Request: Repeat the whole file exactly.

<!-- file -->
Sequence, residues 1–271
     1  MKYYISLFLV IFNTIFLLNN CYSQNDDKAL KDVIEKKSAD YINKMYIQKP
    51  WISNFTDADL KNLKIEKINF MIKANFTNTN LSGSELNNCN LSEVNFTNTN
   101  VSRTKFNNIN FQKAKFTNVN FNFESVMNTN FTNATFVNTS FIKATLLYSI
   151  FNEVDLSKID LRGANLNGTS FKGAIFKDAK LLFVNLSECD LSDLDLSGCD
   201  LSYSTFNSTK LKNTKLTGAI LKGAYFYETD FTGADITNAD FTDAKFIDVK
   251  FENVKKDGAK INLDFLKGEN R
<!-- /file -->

Sequence, residues 1–271
     1  MKYYISLFLV IFNTIFLLNN CYSQNDDKAL KDVIEKKSAD YINKMYIQKP
    51  WISNFTDADL KNLKIEKINF MIKANFTNTN LSGSELNNCN LSEVNFTNTN
   101  VSRTKFNNIN FQKAKFTNVN FNFESVMNTN FTNATFVNTS FIKATLLYSI
   151  FNEVDLSKID LRGANLNGTS FKGAIFKDAK LLFVNLSECD LSDLDLSGCD
   201  LSYSTFNSTK LKNTKLTGAI LKGAYFYETD FTGADITNAD FTDAKFIDVK
   251  FENVKKDGAK INLDFLKGEN R